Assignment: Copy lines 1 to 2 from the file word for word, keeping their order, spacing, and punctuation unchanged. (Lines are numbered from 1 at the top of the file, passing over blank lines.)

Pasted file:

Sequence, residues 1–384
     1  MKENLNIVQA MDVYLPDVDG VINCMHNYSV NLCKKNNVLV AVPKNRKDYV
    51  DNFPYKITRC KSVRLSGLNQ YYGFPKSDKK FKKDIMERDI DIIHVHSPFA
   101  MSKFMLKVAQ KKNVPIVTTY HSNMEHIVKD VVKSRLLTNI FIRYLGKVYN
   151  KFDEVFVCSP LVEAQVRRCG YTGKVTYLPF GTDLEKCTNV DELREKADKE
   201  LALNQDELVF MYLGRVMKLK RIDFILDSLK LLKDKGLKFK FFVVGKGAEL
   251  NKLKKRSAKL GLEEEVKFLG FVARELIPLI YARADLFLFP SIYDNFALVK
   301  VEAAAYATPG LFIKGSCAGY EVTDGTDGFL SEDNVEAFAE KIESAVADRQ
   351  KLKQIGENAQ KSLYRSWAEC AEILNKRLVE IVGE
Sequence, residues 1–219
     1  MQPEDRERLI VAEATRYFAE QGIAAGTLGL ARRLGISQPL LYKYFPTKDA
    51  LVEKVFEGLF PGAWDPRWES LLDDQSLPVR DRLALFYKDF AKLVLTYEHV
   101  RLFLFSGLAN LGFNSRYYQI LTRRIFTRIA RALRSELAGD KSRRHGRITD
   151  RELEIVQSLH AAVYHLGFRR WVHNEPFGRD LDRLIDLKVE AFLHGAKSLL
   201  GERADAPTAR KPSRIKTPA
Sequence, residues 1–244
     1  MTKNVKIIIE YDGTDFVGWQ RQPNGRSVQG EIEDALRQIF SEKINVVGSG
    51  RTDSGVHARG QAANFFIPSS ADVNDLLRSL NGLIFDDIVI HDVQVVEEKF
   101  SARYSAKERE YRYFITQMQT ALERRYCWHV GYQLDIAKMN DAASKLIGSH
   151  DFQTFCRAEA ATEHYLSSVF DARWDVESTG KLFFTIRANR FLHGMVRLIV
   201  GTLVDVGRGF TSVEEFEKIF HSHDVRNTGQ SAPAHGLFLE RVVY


Sequence, residues 1–384
     1  MKENLNIVQA MDVYLPDVDG VINCMHNYSV NLCKKNNVLV AVPKNRKDYV